The Simple Wild was everything I look for in a novel, but never knew I was searching for … if that makes some sort of sense.
(Blurb taken from the back of the book)
Calla Fletcher wasn’t even two when her mother took her and fled the Alaskan wild, unable to handle the isolation of the extreme, rural lifestyle, leaving behind Calla’s father, Wren Fletcher, in the process. Calla never looked back, and at twenty-six, a busy life in Toronto is all she knows. But when Calla learns that Wren’s days may be numbered, she knows that it’s time to make the long trip back to the remote frontier town where she was born.
She braves the roaming wildlife, the odd daylight hours, the exorbitant prices, and even the occasional—dear God—outhouse, all for the chance to connect with her father: a man who, despite his many faults, she can’t help but care for. While she struggles to adjust to this rugged environment, Jonah—the unkempt, obnoxious, and proud Alaskan pilot who helps keep her father’s charter plane company operational—can’t imagine calling anywhere else home. And he’s clearly waiting with one hand on the throttle to fly this city girl back to where she belongs, convinced that she’s too pampered to handle the wild.
Jonah is probably right, but Calla is determined to prove him wrong. Soon, she finds herself forming an unexpected bond with the burly pilot. As his undercurrent of disapproval dwindles, it’s replaced by friendship—or perhaps something deeper? But Calla is not in Alaska to stay and Jonah will never leave. It would be foolish of her to kindle a romance, to take the same path her parents tried—and failed at—years ago. It’s a simple truth that turns out to be not so simple after all.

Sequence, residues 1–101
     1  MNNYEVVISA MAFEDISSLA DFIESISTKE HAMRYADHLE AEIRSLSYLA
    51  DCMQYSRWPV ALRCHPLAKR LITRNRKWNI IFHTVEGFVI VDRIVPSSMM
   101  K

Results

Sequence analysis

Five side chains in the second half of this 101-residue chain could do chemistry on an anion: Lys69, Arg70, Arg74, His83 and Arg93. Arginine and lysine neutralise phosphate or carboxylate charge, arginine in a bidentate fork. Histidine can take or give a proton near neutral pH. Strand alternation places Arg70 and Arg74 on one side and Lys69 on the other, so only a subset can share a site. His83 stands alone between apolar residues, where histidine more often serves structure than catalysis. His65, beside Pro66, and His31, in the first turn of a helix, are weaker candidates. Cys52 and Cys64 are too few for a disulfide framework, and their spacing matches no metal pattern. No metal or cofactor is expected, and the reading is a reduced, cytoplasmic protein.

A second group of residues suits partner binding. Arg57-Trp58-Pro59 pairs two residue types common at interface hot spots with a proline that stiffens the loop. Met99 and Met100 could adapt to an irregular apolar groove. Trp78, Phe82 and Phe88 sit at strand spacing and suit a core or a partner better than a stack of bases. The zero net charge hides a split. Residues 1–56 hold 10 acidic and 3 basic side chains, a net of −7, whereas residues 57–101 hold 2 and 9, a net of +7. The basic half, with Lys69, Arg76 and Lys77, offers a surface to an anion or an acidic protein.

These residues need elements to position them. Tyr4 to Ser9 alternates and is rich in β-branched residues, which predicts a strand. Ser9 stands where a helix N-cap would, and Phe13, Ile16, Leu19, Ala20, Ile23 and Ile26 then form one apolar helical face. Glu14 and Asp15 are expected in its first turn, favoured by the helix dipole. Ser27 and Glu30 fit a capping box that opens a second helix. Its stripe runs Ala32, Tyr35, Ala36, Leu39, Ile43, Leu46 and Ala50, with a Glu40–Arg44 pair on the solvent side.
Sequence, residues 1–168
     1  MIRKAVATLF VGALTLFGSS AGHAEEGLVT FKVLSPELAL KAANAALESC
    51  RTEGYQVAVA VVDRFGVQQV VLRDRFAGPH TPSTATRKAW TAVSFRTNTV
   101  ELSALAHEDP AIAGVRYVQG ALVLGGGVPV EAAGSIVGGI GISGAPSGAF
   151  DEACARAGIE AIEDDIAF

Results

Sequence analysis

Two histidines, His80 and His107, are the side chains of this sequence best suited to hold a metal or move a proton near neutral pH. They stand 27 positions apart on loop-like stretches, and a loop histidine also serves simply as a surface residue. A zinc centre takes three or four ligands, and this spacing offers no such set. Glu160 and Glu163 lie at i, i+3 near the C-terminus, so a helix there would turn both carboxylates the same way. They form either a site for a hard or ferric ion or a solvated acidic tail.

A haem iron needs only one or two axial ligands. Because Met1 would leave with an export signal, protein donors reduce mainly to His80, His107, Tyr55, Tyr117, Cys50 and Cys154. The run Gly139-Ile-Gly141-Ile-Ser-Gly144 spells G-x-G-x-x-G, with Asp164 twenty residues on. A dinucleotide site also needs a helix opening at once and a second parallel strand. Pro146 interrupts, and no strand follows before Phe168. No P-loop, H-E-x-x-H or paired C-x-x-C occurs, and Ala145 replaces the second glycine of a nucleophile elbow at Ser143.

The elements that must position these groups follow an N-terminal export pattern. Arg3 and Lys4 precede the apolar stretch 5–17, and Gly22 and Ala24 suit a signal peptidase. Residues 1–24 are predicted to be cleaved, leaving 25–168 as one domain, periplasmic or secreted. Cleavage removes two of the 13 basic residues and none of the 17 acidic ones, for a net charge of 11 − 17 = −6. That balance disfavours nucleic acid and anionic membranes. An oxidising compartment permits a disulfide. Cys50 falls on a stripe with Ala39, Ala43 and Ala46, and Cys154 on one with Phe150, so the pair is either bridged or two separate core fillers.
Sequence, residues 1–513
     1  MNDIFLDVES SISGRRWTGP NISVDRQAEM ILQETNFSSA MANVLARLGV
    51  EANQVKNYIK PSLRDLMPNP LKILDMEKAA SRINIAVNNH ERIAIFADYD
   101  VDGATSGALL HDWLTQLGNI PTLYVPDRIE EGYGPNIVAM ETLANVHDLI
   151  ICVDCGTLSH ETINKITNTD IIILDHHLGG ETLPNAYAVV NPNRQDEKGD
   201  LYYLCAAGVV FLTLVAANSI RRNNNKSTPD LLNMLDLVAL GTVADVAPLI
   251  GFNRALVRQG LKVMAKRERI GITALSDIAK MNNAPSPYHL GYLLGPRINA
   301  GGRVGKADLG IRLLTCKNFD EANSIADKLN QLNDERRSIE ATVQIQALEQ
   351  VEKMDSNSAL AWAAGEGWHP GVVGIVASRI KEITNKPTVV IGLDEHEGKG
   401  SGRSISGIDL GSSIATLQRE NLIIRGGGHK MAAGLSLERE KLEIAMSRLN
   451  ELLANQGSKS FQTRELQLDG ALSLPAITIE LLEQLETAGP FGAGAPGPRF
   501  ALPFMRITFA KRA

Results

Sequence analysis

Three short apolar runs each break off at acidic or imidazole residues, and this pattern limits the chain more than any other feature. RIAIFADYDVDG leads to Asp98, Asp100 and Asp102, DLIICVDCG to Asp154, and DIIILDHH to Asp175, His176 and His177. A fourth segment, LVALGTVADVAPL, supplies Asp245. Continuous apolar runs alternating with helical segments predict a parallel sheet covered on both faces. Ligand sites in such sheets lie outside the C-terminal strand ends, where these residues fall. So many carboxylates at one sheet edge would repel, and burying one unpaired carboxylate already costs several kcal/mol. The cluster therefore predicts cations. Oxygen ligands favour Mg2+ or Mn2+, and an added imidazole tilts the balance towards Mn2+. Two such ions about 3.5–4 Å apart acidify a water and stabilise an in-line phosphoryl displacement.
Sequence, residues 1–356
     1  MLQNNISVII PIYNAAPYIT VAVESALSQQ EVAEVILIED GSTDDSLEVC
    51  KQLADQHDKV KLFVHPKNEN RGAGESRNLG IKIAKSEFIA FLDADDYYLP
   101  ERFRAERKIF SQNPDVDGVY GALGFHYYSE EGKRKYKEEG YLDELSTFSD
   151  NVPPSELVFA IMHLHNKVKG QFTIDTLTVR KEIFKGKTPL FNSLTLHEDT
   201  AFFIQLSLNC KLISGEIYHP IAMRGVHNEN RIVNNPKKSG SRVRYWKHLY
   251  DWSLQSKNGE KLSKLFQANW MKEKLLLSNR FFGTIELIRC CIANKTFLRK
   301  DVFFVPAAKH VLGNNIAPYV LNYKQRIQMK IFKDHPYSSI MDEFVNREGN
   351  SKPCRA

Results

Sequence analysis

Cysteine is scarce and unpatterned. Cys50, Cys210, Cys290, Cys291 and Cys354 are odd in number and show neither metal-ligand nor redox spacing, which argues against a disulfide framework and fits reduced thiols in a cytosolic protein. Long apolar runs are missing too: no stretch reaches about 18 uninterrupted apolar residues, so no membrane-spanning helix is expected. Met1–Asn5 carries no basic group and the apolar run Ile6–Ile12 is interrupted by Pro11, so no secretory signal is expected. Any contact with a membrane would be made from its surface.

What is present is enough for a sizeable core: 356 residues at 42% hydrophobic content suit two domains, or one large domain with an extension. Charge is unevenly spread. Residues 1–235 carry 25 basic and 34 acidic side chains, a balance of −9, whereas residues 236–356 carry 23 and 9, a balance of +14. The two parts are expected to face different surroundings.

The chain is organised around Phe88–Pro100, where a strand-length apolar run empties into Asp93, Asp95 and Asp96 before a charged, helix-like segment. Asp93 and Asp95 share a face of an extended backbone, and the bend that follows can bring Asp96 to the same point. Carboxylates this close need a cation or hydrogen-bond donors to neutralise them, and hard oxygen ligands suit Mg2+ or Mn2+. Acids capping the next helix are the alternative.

The things I loved about the book …
For the sake of everyone involved, I am basically just going to touch on the two main characters, because let’s face it – these two are really all I care about. I mean yes, everyone else in it played their part, but I was so invested in Calla and Jonah’s relationship that I smashed the book in a couple of days whilst traipsing through Europe. And why was I so invested? Because the build-up of their relationship, the tension and the chemistry, got under my skin so much that I forgot I was reading fiction.
Their ups and downs was an enjoyable experience to see unfold. Whilst I was legitimately desperate for them to climb on top of each other by halfway through the book, I appreciated how well K.A Tucker made me wait for what I wanted and made it believable. When they finally stop the banter and get around each other, it was like fireworks and fist-pumps going off in my chest. I can’t remember the last time a book had a hold on me like this one.
As someone who is now reading and analysing nearly everything, it was beautiful to see how the author seamlessly unveiled the character development of Calla Fletcher. She made the transition from self-involved city girl, to a nicer human being who cared less about makeup and more about others, so subtly and so believably. Even today I am still re-reading little sections wondering how the fuck this woman writes so beautifully.
I hadn’t even considered reading (or writing) romance novels until this one. Tucker has converted me.
The things I didn’t love …
Honestly, not that much. It is my favourite book in the world right now. I think maybe the only bummer moments I felt were when:
- Calla’s mum Susan kind of came across as a bit of a spoilt brat into her adulthood.
- A part of me resented that the characters were madly in love so quickly. It’s not real-life, and while I love my partner, I think romance books definitely give people unrealistic expectations of what love is like (still, this is why I read these books, cos they’re not real, so I know I’m clutching at straws here). But just keep that in mind.
The Simple Wild re-ignited my love for reading. I’d forgotten that this genre existed, that books could be written in a way that pulls you in and makes you laugh, cry, blush and laugh again. This book made me want to work on my own writing again and I feel an overwhelming sense of gratitude to my sister for sending me the book and to K.A. Tucker for bringing this book into existence. Hands down – would recommend.